Gold (Karl Hartl, 1934)
(Hans Albers, Brigitte Helm)
Industrial Sabotage in a high-budget, high-tech Nazi Science-Fiction Blockbuster!
The only German science-fiction film that gives Fritz Lang’s Metropolis (1927) a run for its money is Karl Hartl’s Gold, made at the beginning of the National Socialist era in 1934. It stars Hans Albers, already one of Germany’s most popular box-office attractions, as an atomic research scientist who attempts to turn lead into gold through atomic fragmentation, and Brigitte Helm, one of cinema’s most enduring icons—Maria the robot in Metropolis. The spectacular laboratory sequences are directly out of James Whale (Frankenstein), and the climactic flood that destroys the lab—which cinematographer Günther Rittau renders in a magnificent rapid-montage sequence—provides enough industrial mayhem to make the cataclysm reminiscent of the destructive finale of Fritz Lang’s Metropolis, to which it bears a striking visual resemblance. Gold was Ufa’s 1934 super-production; the picture was said to have taken fifteen months to shoot. Hans Albers took the studio to court, demanding almost twice his agreed-upon salary; he did not win his case. Gold was a predictable, internationally successful, box-office hit upon its release on 29 March 1934. Germany, 1934, B&W, 103 mins. Directed by Karl Hartl. Starring Hans Albers, Brigitte Helm, Michael Bohnen, Lien Deyers. German dialogue, optional English subtitles.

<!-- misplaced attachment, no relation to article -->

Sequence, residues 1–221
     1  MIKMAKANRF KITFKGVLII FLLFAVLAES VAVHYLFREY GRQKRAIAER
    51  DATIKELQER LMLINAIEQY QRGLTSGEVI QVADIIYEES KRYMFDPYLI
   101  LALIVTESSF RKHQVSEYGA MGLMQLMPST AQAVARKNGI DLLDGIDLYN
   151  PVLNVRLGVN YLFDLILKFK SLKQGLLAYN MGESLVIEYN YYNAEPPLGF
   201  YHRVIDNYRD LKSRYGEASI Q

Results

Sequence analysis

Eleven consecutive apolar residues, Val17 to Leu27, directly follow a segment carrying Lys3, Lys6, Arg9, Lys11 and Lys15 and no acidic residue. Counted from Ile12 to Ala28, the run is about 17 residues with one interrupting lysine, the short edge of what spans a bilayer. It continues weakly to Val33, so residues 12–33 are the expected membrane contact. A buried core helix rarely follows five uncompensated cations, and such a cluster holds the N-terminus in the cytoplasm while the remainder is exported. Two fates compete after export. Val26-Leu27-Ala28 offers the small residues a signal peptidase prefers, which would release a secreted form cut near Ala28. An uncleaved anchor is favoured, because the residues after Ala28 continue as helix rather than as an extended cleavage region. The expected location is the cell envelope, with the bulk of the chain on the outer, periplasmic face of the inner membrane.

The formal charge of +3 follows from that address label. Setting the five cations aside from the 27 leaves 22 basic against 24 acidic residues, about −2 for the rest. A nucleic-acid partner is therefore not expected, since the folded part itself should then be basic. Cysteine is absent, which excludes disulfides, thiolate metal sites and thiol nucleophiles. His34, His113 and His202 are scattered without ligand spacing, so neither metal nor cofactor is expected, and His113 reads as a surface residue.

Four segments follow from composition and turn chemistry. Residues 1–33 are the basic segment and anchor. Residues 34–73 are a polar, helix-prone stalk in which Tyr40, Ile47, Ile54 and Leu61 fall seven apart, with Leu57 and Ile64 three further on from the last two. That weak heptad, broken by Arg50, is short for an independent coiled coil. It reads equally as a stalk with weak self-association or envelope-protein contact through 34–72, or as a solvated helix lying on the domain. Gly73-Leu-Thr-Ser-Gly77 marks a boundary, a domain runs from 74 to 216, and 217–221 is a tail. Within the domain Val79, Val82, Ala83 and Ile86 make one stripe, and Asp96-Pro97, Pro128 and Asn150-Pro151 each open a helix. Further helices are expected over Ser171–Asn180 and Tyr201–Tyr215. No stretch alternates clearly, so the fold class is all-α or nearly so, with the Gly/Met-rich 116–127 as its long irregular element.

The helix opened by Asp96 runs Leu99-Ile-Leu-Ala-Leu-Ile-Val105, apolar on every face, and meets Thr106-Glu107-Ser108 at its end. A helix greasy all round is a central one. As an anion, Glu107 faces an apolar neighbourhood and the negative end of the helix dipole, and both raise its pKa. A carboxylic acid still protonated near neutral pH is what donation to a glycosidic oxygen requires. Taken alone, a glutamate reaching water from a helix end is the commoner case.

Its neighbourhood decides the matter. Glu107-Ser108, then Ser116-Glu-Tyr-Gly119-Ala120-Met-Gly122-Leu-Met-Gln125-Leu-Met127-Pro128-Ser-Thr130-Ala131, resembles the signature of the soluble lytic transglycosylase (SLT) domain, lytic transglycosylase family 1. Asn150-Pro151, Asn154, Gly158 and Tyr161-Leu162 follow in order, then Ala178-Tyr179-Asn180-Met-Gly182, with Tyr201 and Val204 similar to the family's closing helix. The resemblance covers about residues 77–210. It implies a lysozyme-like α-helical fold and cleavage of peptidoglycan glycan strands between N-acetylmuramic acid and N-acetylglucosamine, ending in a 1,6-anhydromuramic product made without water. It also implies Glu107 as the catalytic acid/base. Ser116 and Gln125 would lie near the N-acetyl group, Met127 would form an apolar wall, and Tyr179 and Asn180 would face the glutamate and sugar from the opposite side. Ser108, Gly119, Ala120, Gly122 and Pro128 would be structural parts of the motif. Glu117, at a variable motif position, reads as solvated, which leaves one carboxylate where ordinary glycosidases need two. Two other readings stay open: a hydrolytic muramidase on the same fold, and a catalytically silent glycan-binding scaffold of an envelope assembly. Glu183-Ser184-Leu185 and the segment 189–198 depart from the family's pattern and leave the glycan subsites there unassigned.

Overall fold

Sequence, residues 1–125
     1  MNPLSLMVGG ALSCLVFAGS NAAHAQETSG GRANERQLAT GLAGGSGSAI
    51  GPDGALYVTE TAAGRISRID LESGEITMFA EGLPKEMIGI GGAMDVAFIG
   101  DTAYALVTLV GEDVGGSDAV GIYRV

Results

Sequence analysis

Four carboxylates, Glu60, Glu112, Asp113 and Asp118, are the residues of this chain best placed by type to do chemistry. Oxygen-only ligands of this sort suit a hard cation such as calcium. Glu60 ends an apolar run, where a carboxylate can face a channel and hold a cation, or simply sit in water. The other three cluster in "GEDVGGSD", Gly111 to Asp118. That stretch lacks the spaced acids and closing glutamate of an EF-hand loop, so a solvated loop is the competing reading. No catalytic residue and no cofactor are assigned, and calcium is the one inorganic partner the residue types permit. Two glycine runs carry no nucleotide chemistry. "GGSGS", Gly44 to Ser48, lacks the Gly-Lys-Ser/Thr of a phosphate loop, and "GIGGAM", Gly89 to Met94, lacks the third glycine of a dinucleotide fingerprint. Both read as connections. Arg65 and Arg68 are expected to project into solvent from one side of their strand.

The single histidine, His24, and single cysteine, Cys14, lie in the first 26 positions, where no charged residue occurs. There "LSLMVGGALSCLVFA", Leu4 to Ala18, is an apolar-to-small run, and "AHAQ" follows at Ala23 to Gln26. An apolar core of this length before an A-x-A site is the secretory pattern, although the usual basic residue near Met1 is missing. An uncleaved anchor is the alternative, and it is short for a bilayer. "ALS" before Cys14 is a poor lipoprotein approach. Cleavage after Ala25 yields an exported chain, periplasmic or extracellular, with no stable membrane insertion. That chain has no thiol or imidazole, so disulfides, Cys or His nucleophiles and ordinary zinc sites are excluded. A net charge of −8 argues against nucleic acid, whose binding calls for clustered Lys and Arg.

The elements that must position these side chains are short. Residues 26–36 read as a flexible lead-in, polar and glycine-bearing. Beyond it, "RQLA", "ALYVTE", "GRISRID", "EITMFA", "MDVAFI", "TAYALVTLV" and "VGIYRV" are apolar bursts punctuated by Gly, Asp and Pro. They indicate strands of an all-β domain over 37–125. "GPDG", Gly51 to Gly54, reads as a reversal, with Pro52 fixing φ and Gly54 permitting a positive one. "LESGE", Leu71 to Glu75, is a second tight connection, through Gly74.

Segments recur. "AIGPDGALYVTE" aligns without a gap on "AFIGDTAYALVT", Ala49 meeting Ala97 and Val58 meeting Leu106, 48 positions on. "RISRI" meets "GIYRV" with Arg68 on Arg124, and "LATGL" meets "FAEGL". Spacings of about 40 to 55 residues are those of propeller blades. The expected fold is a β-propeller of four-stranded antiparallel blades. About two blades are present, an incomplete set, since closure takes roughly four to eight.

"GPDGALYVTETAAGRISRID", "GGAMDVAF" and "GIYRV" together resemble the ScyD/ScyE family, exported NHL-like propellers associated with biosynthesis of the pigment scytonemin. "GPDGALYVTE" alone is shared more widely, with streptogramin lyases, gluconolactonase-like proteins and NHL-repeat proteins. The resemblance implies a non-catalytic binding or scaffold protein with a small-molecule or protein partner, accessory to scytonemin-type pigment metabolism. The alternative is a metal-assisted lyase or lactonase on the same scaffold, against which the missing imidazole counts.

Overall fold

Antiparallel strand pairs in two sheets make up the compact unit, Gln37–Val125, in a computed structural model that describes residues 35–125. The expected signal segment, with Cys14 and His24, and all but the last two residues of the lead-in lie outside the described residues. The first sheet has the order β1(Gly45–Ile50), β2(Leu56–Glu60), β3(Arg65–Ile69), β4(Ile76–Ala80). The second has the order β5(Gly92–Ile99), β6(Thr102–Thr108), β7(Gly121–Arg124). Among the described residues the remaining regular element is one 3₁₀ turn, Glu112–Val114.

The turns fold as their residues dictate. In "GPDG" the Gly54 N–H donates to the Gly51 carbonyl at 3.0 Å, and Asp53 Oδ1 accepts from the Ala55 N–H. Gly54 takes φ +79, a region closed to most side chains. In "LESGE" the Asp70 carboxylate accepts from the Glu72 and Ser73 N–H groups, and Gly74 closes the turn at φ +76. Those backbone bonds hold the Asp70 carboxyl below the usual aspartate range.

• Historical Background Slideshow: Spectacular Science Fiction in Carl Hartl’s “Gold”
• Original Promotional Material Illustrierter Film-Kurier Slide show with English Translation
• Optional English Subtitles
NTSC Region 0 encoding (Entire World)
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